Turkey-Syria Earthquake Encourages Arab Rapprochement with Assad

In November 2011, six months after the outbreak of the war in Syria, the League of Arab States expelled the Syrian delegation from the League after failed mediation attempts.

Over the next ten years, the head of the regime, Bashar al-Assad, rarely traveled to any country except to visit his main allies—Russia and Iran—for their military assistance that had enabled him to take back two-thirds of the country.

Twelve years later, and after the country’s deadly earthquake, Assad recently received Egyptian Foreign Minister Sameh Shoukry, who said it was an honor to meet him at a press conference with his Syrian counterpart, Faisal al-Miqdad.

Shoukry is not only the highest-ranking Egyptian to visit Damascus since the start of the war, but he also represents a country of historical importance closely allied with the United States. The United States has imposed severe sanctions on Syria and opposes normalization with Assad.

On February 7, one day after the earthquake that hit the border area between Turkey and Syria, and claimed the lives of 6,000 Syrians, Egyptian President Abdel Fattah el-Sisi called the regime president for the first time since he took office nearly 10 years ago, and so did the King of Bahrain, Hamad bin Isa Al Khalifa.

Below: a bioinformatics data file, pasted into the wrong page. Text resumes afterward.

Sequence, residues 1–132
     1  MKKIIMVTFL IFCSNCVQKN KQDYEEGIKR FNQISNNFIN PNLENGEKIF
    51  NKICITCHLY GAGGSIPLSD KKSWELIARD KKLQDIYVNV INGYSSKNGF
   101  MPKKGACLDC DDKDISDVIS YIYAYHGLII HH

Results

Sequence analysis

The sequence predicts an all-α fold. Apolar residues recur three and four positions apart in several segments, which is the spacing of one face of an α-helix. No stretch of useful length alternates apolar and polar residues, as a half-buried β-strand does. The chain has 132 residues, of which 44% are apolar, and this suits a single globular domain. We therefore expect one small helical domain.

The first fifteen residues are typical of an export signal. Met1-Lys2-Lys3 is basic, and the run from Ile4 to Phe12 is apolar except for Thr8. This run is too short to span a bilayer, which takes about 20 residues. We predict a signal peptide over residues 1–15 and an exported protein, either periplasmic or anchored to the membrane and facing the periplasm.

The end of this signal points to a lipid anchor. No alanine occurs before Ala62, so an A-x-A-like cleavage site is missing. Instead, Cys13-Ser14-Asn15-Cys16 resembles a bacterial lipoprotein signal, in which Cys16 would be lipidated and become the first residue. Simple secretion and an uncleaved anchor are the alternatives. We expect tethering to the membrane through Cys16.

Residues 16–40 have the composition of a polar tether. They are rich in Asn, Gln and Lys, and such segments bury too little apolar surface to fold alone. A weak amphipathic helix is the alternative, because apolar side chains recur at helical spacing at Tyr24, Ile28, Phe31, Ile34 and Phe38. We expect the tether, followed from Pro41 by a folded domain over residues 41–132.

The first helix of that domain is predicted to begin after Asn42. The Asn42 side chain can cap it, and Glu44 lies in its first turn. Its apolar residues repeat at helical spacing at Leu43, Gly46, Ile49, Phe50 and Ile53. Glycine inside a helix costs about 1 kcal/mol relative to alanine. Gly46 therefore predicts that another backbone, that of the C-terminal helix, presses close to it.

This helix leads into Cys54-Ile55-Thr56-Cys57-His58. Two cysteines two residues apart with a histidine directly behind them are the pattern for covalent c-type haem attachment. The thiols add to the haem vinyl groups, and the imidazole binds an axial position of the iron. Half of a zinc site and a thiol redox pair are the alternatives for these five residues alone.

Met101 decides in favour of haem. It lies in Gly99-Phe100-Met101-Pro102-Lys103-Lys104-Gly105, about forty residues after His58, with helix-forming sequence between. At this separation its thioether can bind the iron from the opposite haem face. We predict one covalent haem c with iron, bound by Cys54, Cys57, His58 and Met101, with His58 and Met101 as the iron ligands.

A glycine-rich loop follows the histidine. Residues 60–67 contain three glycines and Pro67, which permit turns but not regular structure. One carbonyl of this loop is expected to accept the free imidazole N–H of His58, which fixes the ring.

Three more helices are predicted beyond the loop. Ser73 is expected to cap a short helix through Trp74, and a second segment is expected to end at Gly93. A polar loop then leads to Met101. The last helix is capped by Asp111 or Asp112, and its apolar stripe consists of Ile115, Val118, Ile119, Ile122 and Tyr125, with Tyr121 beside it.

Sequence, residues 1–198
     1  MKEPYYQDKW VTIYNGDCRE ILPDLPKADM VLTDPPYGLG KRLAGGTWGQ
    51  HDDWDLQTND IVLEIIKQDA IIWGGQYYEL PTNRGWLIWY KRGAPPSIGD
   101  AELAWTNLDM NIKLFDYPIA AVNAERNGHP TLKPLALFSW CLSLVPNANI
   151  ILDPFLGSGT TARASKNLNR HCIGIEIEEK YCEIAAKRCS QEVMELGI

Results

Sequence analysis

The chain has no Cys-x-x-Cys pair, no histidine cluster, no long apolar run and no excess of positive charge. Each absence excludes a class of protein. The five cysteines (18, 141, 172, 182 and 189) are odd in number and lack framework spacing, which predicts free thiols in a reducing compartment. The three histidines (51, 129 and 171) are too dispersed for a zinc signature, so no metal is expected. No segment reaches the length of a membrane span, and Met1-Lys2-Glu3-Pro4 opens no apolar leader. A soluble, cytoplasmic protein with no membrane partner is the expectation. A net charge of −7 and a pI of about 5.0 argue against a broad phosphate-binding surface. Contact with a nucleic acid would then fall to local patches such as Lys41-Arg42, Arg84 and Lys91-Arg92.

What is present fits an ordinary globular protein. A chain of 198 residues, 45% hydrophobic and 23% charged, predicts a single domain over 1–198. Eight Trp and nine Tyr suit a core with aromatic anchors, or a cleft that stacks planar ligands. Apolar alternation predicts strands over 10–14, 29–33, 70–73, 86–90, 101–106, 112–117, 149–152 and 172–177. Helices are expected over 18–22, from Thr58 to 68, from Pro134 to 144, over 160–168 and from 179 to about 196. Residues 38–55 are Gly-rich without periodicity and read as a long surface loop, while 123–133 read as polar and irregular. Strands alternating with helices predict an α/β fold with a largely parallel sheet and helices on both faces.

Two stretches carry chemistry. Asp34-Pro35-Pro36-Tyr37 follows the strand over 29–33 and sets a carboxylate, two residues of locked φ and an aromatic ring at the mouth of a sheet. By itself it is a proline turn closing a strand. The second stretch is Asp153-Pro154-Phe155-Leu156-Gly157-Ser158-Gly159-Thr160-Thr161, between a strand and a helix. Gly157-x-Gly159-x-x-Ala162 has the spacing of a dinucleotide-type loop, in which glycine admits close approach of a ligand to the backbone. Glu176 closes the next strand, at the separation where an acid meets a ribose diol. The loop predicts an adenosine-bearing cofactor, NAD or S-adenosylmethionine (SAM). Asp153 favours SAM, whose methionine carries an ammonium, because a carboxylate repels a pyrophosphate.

The earthquake also prompted Jordanian Foreign Minister Ayman Safadi to make his first visit to Syria, which is the next step in the gradual rapprochement that began with the reopening of the main border crossing between the two countries in 2021.

The Sultan of Oman, Haitham bin Tariq Al Said, also received Bashar al-Assad. Oman also returned its ambassador to Damascus three years ago after an absence of eight years. The official Syrian News Agency (SANA) released a video clip (accompanied by official music) of him visiting Oman, which clearly shows the political and symbolic importance of the regime’s return to the Arab embrace.

Lina Al-Khatib, director of the Middle East and North Africa Program at the Chatham House think tank, says that Damascus is “trying to exploit the humanitarian catastrophe to break its international isolation. Instead of offering condolences to the Syrian people affected by the tragedy, the regime’s overt response has been to seek de facto legitimacy for Assad on the international stage.”

Al-Khatib indicated that Al-Assad did not issue any statements about the February 6 earthquake until he visited the stricken Aleppo four days later, despite receiving many messages and calls from foreign leaders.

In 2011, Assad brutally suppressed the peaceful protests that erupted after the outbreak of the events of the Arab Spring, leading to a crisis that turned into a bloody war that lead to over 500,000 deaths and 13 million displaced, more than half of the country’s population.

Syrian security forces have been accused of thousands of enforced disappearances, torture of prisoners, chemical weapons attacks, and barrel bombs filled with explosives, fuel, and metal fragments on civilians.

Until this moment, no concrete measures have been taken to halt countries from their rapprochement with the Assad regime.


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